So Avant garden has been looking for a new location for the better part of twenty years?! You are now able to move because you have managed to double the theatre’s budget in the last three years, the majority of which comes from subsidies from the ministry for culture and by the region (Sør Trøndelag Fylkeskommune and Trondheim Kommune). Is was the increased funding specifically for the new location or because of your increasing importance to the culture scene in Trondheim?
It was both reasons. I think the Department of Culture in Oslo has started to acknowledge the need of the programming theatres to consolidate and to become stronger. To have stronger artistic proposals and departments, and also that we need infrastructure. After all, we represent the national infrastructure for independent performing arts in Norway. Self financing only makes up about 17% of our budget. Funding makes it easier for us to plan and also to build the organisation.
Tell us more about the history of Rosendal – you must be very excited to have not only found a venue which suits Avant Garden’s practical needs, but one which has a history and name behind it.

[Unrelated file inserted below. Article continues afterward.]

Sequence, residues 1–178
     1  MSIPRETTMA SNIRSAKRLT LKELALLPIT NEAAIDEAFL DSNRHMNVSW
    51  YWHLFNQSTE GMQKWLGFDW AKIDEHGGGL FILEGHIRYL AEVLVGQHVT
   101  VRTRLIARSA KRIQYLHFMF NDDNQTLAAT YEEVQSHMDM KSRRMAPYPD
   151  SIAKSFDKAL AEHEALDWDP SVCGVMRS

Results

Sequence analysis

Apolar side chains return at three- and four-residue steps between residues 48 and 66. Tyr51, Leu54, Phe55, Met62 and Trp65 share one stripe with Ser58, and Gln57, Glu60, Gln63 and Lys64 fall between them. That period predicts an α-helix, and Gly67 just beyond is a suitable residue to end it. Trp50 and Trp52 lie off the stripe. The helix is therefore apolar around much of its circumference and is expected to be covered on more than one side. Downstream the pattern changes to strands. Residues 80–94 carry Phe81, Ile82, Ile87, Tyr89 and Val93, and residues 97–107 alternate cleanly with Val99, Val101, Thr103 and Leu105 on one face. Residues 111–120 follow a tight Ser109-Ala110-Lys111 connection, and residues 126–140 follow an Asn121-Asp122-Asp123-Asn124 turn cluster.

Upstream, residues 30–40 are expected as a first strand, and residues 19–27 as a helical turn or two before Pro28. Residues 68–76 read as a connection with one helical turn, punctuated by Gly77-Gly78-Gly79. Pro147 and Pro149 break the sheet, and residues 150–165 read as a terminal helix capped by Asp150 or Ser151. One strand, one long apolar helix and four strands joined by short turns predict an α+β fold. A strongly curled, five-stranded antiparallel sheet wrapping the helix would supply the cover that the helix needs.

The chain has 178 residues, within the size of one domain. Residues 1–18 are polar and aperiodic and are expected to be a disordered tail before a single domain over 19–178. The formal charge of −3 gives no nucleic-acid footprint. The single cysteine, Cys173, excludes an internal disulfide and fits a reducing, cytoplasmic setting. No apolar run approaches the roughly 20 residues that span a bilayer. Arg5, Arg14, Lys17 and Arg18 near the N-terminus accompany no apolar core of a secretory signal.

It was a cinema built in 1921 by an American company. At that time, Trondheim was very small. Rosendal would have been well outside of town. There were cinemas in Trondheim but they were owned by the municipalities and it was illegal to have private cinemas.
They called it Rosendal Teatro, not kino, because it was regarded to be a little bit more upmarket. I am actually proposing that we change our name when we move there. ‘Avant Garden’ can be seen a little bit pretentious because it is relating to the historical avant garde in the arts. I sympathise with the avant garde movement because it was about making art accessible everywhere, and we are working with artists which have this kind of approach. Avant garde kind of means that you have been to some kind of promised land and you come back and tell. It is kind of old elite thinking in the arts. This was not necessarily intended by all artists in the historical avant garde movement, this is the way people regard it today: elitist.